It's also a big week for earnings. Swiss bank UBS UBSG.S beat estimates in its latest quarter, but predicted an "uncertain" year ahead, plagued by accelerating inflation and higher rates. Its shares were seen rising slightly.
In Asia, Samsung Electronics 005930.KS indicated it did not plan to cut investment in chips, even after the South Korean group posted its smallest quarterly profit in eight years.
Later on in the U.S., Exxon Mobil XOM.N is the first of the oil majors to report, while drugmaker Pfizer PFE.N and automotive group GM GM.N also release quarterly numbers.
MIND THE GAP (0656 GMT)
An impressive 6% rally in global stocks .MIWD00000PUS this month, the first gain in January after three years, has got investors all excited after a dismal 2022.
Fundamentally, prospects for the world economy are not as bad as feared just a few months ago, prompting the International Monetary Fund to raise its 2023 global growth outlook slightly.
The IMF cited "surprisingly resilient" demand in the United States and Europe, easing of energy costs and the reopening of China's economy.
Still, it would be wise for investors to be mindful of a gap between expectations and reality.
On Monday, hotter-than-expected inflation data from Spain and an unexpected decline in the German economy in the fourth quarter created uneasiness for stock bulls, dragging down European shares.
Asian equities fell 1% on Tuesday and the dollar was eyeing a fourth monthly loss as investors reckon a peak in U.S. interest rates could swing into view as soon as this week's Federal Reserve meeting.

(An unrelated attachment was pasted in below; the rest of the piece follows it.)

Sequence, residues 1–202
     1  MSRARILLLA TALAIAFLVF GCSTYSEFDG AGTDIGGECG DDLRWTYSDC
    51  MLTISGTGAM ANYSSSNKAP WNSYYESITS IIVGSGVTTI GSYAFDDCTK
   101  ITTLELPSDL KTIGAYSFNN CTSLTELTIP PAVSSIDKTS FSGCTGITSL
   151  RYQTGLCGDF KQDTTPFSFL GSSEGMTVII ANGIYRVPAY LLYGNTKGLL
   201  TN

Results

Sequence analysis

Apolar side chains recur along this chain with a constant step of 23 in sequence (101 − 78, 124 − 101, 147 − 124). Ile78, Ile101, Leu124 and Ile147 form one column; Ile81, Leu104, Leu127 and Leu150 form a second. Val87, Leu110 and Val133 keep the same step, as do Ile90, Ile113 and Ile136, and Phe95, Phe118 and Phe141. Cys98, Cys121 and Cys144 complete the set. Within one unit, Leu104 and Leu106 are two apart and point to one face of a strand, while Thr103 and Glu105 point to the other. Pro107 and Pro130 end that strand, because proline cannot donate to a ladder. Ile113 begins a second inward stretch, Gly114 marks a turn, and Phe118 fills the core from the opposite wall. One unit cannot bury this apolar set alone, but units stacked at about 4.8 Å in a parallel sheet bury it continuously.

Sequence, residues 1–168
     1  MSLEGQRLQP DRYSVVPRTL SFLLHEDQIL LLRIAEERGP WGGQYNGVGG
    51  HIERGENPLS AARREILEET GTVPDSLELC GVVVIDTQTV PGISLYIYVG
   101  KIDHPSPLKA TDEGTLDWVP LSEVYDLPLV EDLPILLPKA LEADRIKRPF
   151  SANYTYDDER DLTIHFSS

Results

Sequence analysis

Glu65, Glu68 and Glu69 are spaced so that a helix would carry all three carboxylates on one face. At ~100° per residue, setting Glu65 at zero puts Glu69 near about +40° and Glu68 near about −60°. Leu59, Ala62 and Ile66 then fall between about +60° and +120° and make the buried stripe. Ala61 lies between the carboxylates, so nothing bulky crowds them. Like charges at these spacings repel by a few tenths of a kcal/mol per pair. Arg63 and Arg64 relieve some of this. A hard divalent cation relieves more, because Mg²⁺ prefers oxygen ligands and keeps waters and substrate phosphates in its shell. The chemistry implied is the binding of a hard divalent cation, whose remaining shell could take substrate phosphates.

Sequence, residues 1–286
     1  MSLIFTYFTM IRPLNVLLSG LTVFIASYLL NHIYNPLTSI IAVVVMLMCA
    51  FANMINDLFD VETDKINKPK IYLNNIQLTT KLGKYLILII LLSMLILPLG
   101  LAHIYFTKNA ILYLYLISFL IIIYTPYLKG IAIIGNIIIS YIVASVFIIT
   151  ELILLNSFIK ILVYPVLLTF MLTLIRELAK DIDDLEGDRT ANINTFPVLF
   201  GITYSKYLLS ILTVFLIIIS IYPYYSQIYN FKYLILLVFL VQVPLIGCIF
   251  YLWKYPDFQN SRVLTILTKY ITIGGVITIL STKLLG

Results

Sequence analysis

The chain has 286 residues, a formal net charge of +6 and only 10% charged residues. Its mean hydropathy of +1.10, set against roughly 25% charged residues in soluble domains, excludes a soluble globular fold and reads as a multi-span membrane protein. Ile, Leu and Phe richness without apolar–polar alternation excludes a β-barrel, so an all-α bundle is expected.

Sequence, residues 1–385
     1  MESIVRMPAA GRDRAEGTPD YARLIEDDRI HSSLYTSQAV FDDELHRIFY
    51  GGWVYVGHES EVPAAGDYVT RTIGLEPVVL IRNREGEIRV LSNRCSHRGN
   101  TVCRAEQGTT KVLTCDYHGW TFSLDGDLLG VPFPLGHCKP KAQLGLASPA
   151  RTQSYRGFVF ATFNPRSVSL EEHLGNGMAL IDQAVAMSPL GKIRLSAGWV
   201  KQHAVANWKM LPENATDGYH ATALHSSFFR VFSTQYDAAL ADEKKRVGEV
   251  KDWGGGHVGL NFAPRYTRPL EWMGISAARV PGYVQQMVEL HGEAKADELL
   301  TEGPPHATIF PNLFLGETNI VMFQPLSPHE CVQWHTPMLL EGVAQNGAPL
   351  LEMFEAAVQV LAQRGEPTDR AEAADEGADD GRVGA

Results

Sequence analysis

Flash GDP numbers are due from the euro zone, along with growth data for France and Italy. The numbers are likely to be keenly watched for signs on how weary economies are faring.
The ECB is all but certain to raise rates by half a percentage point on Thursday but fresh inflation data is still crucial for the central bank's policy guidance for subsequent meetings.
The Bank of England is set to raise rates by 50 bps to 4.0%, respectively. Headline inflation moderated in December to 10.5%, but it's still over five times its official target.
Money market bets show that the U.S. Federal Reserve is set to raise its policy rate by 25 basis points to 4.50%-4.75% on Wednesday.
Adding to pressure on British finance minister Jeremy Hunt to come up with a growth plan, the country became the only Group of Seven nation to suffer a cut to its 2023 economic growth outlook in IMF forecasts published on Tuesday.
Britain's flagging economy now appears set to shrink by 0.6% this year, a sharp downgrade from previously expected growth of 0.3% in the IMF's last forecast in October.
Meanwhile, a U.S. federal appeals court ruled on Monday that drug manufacturers can limit healthcare providers' use of outside pharmacies for dispensing drugs under a federal drug discount programme, marking a victory for Sanofi SASY.PA, Novo Nordisk NOVOb.CO and AstraZeneca AZN.L.
Finally, there's good news for tech staff. With thousands of layoffs taking place in Silicon Valley, some German companies, faced with a tight labour market and a shortage of workers with key software engineering skills, are seizing on the West Coast's woes as an opportunity to recruit top talent.
Key developments that could influence markets on Tuesday:
Economic data: Euro zone Q4 flash GDP; France Q4 GDP, Jan CPI flash; Germany Dec import prices, retail sales, flash CPI; Italy preliminary Q4 GDP
Speakers: Swedish central bank governor Erik Thedeen participates in an open hearing on financial stability in the Swedish economy in Stockholm
European results: UBS, Swedbank
U.S. economic data: Q4 employment wages, Q4 Nov house prices
U.S. Federal Reserve begins two-day meeting
U.S. results: Exxon Mobil, Caterpillar, General Motors, Pfizer, McDonald's, UPS